To known of Anna Paquin is to love her. The X-Men and “True Blood” star has been back in the spotlight thanks to her starring role on Amazon Prime’s “Flack,” the story of a PR genius with a personal life messy enough to rival Olivia Pope’s.
Paquin’s own personal life, however, is famously solid. She’s been married to her “True Blood” co-star Stephen Moyer for 10 years. And she’s also an out and proud bisexual.
Some folks, sadly, still feel like this is a contradiction in terms. When Paquin posted some colorful infographics to her Instagram on Monday the 17th to honor the International Day Against Homophobia, Transphobia, and Biphobia, the trolls came calling.
Paquin, however, was prepared. Like the classy, multiple Academy Award-winning actress she is, she posted a follow-up a day later.
Paquin was responding to upset commenters claiming that her bisexuality is some kind of publicity stunt, but her message is one that everyone needs to hear. Bi erasure is an old problem in the queer community, and it keeps rearing its ugly head. Back in the 1970s, figures like Kate Millett were criticized for their bisexuality and made to feel it was some kind of hindrance to their feminist stance. Later on, queer performers like Ani DiFranco caught heat for “double-dipping.” For too long, stigma against bisexuals has forced many performers to stay in the closet. Even now, we still haven’t come as far as we think in terms of curbing biphobic prejudice. A 2018 study showed that even in our own community, bisexuality is misunderstood and stigmatized. And the stigma— perhaps unsurprisingly—lands harder on queer women than queer men.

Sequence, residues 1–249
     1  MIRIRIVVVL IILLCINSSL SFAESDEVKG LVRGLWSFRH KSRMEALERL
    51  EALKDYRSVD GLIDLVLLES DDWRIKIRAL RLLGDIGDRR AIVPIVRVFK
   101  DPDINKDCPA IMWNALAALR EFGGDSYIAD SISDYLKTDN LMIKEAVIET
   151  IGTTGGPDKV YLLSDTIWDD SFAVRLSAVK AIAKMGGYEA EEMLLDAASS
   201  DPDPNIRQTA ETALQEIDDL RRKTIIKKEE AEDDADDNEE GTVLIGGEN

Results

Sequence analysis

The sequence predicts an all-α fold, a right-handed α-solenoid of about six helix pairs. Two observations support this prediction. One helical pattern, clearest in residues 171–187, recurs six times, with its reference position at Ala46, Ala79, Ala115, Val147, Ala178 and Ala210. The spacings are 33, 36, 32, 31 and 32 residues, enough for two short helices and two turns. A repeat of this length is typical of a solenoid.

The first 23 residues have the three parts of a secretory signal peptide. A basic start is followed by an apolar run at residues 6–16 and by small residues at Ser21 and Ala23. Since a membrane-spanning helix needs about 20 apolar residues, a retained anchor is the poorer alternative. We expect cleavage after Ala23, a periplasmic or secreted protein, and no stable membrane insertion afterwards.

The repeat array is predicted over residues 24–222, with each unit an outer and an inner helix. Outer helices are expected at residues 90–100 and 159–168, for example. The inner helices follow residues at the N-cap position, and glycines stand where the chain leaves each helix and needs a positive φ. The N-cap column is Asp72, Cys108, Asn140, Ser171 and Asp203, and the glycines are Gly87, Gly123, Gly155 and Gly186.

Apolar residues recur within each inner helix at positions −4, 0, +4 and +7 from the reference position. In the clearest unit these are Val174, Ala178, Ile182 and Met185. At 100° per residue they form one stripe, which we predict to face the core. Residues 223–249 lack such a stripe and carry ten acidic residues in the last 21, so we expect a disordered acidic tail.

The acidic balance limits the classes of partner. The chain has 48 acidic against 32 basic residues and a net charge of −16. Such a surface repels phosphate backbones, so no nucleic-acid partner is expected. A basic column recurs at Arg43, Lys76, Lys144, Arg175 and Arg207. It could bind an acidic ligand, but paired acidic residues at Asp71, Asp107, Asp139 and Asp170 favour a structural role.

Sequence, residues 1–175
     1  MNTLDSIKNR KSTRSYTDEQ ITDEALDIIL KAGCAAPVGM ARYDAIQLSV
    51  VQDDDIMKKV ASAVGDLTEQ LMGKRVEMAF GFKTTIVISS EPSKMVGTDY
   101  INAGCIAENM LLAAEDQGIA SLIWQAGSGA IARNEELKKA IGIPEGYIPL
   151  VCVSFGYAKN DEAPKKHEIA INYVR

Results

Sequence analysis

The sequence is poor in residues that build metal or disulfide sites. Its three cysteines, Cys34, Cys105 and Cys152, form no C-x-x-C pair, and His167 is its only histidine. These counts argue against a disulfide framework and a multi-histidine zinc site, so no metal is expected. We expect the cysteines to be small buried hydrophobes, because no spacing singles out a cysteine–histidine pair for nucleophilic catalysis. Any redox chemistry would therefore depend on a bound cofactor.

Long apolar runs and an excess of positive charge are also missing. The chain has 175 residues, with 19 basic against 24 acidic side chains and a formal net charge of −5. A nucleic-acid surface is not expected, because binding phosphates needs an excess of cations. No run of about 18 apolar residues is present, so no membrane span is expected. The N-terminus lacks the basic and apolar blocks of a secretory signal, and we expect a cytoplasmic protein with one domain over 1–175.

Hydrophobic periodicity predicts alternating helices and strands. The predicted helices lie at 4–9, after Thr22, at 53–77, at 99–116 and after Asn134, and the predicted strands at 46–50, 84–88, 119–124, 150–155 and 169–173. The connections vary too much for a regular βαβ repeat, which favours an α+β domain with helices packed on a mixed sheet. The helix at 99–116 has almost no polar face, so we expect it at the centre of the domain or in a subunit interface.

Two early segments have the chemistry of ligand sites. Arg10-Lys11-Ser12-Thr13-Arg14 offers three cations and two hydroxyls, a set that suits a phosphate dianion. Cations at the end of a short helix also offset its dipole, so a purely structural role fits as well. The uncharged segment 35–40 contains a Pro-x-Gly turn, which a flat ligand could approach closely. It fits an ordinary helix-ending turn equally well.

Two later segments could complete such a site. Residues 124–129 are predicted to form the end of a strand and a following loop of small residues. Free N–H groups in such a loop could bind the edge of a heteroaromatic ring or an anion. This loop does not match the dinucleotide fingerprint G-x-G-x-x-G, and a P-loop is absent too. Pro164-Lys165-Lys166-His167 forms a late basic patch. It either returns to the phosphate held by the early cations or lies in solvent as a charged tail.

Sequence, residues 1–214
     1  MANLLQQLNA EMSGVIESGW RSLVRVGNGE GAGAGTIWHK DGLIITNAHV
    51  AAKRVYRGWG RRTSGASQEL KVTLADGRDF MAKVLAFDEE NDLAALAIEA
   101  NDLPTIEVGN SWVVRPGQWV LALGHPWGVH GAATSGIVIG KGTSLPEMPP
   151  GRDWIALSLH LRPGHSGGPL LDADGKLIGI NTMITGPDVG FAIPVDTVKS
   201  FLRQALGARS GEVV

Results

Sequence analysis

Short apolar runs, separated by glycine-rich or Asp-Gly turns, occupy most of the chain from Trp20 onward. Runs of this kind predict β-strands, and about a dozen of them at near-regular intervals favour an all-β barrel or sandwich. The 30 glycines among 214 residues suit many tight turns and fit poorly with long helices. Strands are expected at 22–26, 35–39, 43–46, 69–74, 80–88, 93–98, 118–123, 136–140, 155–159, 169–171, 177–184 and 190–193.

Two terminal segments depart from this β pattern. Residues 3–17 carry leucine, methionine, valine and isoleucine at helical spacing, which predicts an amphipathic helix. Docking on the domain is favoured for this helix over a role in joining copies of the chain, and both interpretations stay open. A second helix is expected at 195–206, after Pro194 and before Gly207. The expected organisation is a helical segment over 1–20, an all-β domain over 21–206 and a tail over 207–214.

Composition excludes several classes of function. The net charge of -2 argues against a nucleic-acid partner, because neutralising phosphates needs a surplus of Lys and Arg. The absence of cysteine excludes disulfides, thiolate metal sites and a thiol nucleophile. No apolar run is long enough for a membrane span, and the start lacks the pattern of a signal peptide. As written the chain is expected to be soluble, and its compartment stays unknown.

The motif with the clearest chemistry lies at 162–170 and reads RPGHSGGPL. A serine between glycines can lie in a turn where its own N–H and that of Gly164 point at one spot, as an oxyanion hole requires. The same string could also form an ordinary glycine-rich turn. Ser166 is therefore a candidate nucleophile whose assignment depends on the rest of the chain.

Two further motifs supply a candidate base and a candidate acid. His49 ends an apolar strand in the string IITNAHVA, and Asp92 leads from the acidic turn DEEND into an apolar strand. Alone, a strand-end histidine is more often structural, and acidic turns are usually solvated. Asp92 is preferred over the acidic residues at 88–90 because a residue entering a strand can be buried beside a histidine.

So when a big star like Paquin speaks up, it says something.
Paquin first came out as bisexual in 2010 and has been vocal about it ever since. In a 2012 interview with the since-shuttered Zooey magazine, she explained that: “It’s not being greedy or numerous other ignorant things I’ve heard at this point. For a bisexual, it’s not about gender. That’s not the deciding factor for who they’re attracted to.”
In 2021, no one should have to worry about being “queer enough,” no matter how their love life might look from the outside.